Today's drug culture is no longer illuminated by negative light
BY: NEIL BEDOLLA
Our culture certainly reflects the attitudes and beliefs that are accepted in society. Now more than ever we are seeing a wide acceptance of recreational drug use throughout our media. Take a short trip to YouTube and you’ll uncover a plethora of music videos encouraging drinking purple drank, popping molly, and smoking marijuana. As a society, our current attitudes on drugs are influenced by earlier generations. In the ‘40s and ‘50s marijuana was considered dangerous and was categorized with drugs like heroin, according to Dr. Fred Turner, director of undergraduate studies in communication at Stanford University and an expert in American cultural history.
Likewise, our current attitudes on marijuana and other recreational drugs were influenced by previous generations, specifically the ‘60s and the counterculture movement, according to Turner.
“Drug use in the 1960s marked the beginning of thinking of ourselves and minds as a sign of social change,” Turner said. “Drugs were seen as a means of freeing yourself from the bureaucratic mainstream”.
The social change challenged by the counter-culture movement has had lasting effects to this day. Instead of freeing ourselves from the bureaucratic mainstream and conservatism, drugs are becoming the mainstream.
Society is becoming more accustomed to drug references as the years pass. Today, hip-hop and rap encourage “smoking blunts with that good kush” like it’s ice cream, and despite its season finale, families continue to watch America’s favorite drug-kingpin, Walter White of AMC’s “Breaking Bad.”
Drugs are more prevalent in our media than they were in the ‘60s, according to Turner.
“Drugs are seen as part of everyday life,” said Turner. “Even negative portrayals of drugs in media are proof that they are becoming more acceptable.”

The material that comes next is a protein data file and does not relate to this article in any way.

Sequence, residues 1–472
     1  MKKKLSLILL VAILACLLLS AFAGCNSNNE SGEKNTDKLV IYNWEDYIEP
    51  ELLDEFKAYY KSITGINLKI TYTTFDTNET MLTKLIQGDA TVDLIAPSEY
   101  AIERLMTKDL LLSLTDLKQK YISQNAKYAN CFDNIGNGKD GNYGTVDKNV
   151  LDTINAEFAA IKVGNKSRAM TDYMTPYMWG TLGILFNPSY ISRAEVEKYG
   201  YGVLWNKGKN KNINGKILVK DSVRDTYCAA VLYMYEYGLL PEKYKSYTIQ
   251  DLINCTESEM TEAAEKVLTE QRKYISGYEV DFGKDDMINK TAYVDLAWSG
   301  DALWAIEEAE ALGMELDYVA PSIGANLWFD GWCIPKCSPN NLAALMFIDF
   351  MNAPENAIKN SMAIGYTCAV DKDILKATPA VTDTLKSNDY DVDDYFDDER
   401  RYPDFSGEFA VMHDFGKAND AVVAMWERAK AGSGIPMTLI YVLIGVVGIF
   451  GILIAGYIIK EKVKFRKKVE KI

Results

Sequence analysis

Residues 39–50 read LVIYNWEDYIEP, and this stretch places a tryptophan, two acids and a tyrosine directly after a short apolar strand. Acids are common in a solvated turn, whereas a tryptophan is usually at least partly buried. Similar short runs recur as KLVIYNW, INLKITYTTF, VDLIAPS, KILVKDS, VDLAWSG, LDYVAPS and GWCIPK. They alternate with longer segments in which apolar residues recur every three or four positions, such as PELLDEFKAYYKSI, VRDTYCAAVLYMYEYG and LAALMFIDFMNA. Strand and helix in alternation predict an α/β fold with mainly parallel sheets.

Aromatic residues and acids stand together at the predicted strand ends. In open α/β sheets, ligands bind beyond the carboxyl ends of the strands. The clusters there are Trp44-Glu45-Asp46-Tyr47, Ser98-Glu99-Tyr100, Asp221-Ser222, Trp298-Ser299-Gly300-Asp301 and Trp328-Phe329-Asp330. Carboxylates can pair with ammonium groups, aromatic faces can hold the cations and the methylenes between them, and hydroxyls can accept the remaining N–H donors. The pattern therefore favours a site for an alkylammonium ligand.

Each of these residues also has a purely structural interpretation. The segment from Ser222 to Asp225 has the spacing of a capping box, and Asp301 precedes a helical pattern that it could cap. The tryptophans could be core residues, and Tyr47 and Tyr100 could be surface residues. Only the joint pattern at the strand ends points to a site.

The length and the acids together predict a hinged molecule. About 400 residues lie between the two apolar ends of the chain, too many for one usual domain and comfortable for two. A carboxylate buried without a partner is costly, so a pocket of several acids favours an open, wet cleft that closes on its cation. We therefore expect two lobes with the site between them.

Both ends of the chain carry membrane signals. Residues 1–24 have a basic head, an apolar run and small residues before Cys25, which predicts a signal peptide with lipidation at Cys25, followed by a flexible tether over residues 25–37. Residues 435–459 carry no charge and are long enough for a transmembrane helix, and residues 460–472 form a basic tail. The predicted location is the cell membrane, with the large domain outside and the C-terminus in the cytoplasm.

Utilizing drugs in the ‘60s also had a political meaning, but we can question the political significance of using drugs today. The answer can be seen through the various states that have decriminalized or already enacted legislation legalizing and regulating the recreational use of marijuana. Over 20 states have legalized marijuana for medicinal purposes and currently Colorado and Washington have legislation allowing recreational marijuana usage, according to governing.com, a database for state and local government statistics.
The trend is expected to grow, according to Lynne Lynan, state director of the Drug Policy Alliance.
“The marijuana policy movement is expected to move marijuana the way alcohol and tobacco is currently regulated,” Lynan said. “Long-term we want to move all drugs out of the criminal justice system and into the medical field, decriminalizing all drugs in the future.”
Lynan said the problem is the way we approach drugs.
“First and foremost, our drug policies have led to a system of mass incarceration, 25% of the world's incarcerated population is in the United States, said Lynan. “Second, substance abuse problems should not be handled by our jails.”
Instead Lynan advocates approaching our drug problem as a problem best handled by our medical field. She said people with a drug dependency problem usually come out in a worse condition and the chances of them living a successful life greatly decreases based on our response to the problem.
Lynan also believes our current attitudes on drugs and policies are generational issues.
“Young people overwhelmingly believe in legalizing it (marijuana),” said Lynan. “Aside from the medical benefits, the policy of legalizing marijuana is so that we will have less people incarcerated and more money spent on social services”.
The freedom from the bureaucratic mainstream the youth of the ‘60s hoped to accomplish may also be taking effect. Alongside ongoing studies that have clarified marijuana as less harmful as previously though, the new attitude has brought the culture of drug use—or at least tolerance— above ground.